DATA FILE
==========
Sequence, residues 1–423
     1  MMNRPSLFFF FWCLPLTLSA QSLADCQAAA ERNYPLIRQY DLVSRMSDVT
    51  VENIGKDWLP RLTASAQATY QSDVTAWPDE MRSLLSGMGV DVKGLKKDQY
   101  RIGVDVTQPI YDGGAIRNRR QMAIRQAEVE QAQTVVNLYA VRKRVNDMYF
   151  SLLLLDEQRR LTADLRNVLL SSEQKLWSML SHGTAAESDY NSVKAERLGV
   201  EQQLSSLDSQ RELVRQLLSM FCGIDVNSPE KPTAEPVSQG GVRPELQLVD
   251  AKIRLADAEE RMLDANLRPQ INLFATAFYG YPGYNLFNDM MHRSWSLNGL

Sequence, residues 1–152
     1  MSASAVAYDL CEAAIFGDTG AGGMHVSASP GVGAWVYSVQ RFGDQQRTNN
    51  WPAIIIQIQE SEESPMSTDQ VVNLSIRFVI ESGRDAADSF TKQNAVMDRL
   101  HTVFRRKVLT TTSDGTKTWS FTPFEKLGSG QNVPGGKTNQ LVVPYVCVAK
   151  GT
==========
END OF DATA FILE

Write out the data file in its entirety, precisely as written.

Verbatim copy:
Sequence, residues 1–423
     1  MMNRPSLFFF FWCLPLTLSA QSLADCQAAA ERNYPLIRQY DLVSRMSDVT
    51  VENIGKDWLP RLTASAQATY QSDVTAWPDE MRSLLSGMGV DVKGLKKDQY
   101  RIGVDVTQPI YDGGAIRNRR QMAIRQAEVE QAQTVVNLYA VRKRVNDMYF
   151  SLLLLDEQRR LTADLRNVLL SSEQKLWSML SHGTAAESDY NSVKAERLGV
   201  EQQLSSLDSQ RELVRQLLSM FCGIDVNSPE KPTAEPVSQG GVRPELQLVD
   251  AKIRLADAEE RMLDANLRPQ INLFATAFYG YPGYNLFNDM MHRSWSLNGL

Sequence, residues 1–152
     1  MSASAVAYDL CEAAIFGDTG AGGMHVSASP GVGAWVYSVQ RFGDQQRTNN
    51  WPAIIIQIQE SEESPMSTDQ VVNLSIRFVI ESGRDAADSF TKQNAVMDRL
   101  HTVFRRKVLT TTSDGTKTWS FTPFEKLGSG QNVPGGKTNQ LVVPYVCVAK
   151  GT